Look around you & see what we have that other counties want. Dairy products…yes but the Greens go apeshit over a teaspoon of cowshit in a river. Coal, gold & oil but the Greens & their queer socialist mates want to leave it in the ground & carry on doing the only thing they do well….taxing the supposedly rich.

    The domestic economy services our citizens but it is financial churn. Raise one worker’s pay & another worker pays more for what they need. When we crank up our exports we’ll all enjoy the benefits.

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  39. meanybeany (27 comments) says:

    This post was written by someone who is very articulate. I find it hard to believe that a person who has such a good command of the english language that he is obviously quite intelligent, finds it difficult to find a job. We have huge difficulties recruiting staff with enough english language skills just to be able to communicate on just a basic level.

    Is this post real? Was it ghost-written?

    [DPF: yes real. I know the author]

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  40. MT_Tinman (3,186 comments) says:

    Quite a few years back I also was out of work for a while. I was a single parent at the time.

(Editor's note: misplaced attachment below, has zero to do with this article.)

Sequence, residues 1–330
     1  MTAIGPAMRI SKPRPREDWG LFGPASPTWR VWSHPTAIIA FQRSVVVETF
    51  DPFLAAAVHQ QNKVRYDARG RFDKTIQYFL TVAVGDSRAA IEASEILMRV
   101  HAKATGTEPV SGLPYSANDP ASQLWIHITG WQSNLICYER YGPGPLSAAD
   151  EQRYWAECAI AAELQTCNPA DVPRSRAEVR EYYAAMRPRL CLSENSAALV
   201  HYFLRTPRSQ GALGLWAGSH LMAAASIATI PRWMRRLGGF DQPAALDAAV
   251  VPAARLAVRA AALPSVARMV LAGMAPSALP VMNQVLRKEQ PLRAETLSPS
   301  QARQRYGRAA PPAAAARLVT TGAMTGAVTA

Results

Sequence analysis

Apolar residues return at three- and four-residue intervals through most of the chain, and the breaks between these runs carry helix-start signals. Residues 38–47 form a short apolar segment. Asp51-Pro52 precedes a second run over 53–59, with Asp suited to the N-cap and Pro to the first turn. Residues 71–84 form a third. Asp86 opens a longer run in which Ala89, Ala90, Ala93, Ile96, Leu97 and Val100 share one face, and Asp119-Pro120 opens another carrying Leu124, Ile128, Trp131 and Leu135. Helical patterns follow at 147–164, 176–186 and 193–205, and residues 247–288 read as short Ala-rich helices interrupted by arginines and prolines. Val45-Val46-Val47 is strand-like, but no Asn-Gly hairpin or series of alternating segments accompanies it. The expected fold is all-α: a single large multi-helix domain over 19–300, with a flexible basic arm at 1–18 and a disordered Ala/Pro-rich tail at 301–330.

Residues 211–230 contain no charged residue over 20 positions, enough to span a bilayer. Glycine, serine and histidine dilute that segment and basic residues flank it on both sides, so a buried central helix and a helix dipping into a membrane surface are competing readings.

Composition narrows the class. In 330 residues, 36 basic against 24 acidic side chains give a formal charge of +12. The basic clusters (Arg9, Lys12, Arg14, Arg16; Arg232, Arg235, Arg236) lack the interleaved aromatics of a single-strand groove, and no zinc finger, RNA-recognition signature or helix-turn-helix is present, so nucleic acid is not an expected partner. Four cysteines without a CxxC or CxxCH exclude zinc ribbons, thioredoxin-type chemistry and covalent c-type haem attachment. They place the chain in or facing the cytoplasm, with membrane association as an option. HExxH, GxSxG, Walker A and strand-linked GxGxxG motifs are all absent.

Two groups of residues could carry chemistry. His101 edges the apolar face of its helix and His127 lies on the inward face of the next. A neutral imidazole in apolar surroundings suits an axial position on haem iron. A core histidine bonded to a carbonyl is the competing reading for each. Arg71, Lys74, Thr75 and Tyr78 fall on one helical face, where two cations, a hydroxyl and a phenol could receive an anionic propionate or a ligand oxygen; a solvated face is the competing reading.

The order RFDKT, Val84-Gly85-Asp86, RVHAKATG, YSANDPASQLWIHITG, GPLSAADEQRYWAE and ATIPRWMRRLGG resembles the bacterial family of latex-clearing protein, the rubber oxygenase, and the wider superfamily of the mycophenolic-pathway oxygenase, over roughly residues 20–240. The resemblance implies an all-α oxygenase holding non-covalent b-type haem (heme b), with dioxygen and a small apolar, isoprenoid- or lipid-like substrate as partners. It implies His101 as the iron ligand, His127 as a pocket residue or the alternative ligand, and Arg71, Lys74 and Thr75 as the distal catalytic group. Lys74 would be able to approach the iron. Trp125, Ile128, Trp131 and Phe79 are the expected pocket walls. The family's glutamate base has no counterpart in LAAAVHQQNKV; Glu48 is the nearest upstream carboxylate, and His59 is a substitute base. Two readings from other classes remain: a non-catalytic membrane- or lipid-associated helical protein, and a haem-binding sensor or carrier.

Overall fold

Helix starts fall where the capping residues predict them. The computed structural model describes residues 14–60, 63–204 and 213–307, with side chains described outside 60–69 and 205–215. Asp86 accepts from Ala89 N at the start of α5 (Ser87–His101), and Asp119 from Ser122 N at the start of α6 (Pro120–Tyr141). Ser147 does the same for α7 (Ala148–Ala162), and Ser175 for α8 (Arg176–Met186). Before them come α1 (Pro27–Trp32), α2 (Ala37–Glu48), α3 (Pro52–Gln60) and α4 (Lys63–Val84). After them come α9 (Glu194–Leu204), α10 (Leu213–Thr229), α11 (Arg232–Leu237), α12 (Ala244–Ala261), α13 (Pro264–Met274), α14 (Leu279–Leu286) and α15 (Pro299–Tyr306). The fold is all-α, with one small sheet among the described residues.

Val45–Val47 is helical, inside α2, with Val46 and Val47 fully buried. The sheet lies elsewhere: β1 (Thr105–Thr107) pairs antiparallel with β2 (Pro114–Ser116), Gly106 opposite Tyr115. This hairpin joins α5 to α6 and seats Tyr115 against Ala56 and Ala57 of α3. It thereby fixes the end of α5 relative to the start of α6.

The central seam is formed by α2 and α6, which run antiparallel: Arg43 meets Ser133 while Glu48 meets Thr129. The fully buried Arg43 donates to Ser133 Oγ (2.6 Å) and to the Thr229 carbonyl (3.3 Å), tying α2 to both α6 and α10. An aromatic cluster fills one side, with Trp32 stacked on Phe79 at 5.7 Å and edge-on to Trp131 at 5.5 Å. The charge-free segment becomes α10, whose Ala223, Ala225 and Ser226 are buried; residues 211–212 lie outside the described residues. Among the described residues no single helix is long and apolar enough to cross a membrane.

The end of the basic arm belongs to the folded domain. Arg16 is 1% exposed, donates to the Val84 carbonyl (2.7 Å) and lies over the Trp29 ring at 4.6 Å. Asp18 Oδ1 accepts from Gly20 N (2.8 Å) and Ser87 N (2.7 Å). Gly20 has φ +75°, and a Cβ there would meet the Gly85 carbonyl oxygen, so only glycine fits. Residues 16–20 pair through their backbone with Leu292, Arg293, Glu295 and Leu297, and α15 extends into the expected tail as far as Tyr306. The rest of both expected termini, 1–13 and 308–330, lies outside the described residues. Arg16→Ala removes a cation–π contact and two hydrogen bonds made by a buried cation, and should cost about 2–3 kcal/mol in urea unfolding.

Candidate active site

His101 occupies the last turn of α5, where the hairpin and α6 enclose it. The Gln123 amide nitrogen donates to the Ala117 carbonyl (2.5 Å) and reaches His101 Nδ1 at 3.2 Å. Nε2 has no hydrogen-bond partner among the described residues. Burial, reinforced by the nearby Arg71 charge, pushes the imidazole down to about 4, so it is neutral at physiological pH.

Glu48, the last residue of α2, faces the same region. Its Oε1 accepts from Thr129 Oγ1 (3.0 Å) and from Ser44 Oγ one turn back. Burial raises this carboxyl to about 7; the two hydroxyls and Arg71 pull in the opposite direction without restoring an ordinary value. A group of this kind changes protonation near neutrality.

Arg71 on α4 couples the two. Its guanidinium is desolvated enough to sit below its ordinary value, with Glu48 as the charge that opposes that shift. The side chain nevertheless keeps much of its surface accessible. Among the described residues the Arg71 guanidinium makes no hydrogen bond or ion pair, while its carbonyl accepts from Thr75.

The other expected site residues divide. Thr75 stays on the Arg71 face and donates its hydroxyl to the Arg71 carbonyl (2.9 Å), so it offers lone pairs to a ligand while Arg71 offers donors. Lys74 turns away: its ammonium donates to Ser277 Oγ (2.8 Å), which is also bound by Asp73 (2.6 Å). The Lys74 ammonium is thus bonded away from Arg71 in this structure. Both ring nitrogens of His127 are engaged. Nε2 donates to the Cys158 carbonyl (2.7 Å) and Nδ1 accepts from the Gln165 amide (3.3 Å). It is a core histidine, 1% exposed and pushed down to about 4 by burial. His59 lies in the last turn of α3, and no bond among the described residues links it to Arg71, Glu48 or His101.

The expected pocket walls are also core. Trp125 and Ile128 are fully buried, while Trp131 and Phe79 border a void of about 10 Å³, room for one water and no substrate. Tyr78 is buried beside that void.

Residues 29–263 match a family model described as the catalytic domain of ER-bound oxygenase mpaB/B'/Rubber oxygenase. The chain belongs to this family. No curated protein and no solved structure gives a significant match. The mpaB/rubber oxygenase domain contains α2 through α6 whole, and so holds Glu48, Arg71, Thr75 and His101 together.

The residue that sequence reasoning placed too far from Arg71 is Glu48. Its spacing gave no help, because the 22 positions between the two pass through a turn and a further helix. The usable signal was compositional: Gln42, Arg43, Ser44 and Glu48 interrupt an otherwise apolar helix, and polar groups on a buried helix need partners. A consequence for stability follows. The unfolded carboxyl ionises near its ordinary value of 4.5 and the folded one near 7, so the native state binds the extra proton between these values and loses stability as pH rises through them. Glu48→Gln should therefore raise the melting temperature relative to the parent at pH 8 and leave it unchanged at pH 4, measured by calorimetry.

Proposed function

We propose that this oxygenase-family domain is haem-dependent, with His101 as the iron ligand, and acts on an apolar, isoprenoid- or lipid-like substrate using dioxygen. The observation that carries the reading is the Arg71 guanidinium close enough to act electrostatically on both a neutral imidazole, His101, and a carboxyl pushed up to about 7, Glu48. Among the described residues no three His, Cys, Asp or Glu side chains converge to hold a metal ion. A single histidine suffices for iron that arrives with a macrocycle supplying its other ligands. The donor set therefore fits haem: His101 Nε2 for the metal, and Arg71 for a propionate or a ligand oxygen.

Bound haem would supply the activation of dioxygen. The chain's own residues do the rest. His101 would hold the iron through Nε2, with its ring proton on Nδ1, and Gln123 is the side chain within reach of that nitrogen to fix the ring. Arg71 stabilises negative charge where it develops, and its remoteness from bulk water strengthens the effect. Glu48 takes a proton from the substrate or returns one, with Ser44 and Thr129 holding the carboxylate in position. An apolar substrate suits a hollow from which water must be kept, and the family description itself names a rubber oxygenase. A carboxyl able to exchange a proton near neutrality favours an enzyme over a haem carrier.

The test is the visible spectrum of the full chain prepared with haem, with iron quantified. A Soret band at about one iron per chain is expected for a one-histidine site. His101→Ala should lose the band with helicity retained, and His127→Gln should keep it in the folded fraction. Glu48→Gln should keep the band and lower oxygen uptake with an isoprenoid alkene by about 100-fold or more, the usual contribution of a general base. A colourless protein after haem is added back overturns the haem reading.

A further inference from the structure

Sitting on my arse being bone-idle lazy lasted about ten days then I got bored.

    I was in Christchurch at the time so wandered out to Orana wildlfe park and worked (unpaid) as a volunteer guide. This gave my son something to do as well, as a junior volunteer.

    One day I saw the lady who ran the restaurant shovelling some dirt in her garden, went over and helped and quickly became an unpaid (she couldn’t afford staff at that time) kitchen hand/restaurant worker.

    This translated to a paid kitchen hand/restaurant worker/wine waiter in fairly short time and six months later I was running a tourist hotel restaurant.

    I do not believe there is no work out there, just that people can’t/won’t go out and do something different to demonstrate their willingness to work and don’t/won’t take whatever chance ends up in front of them.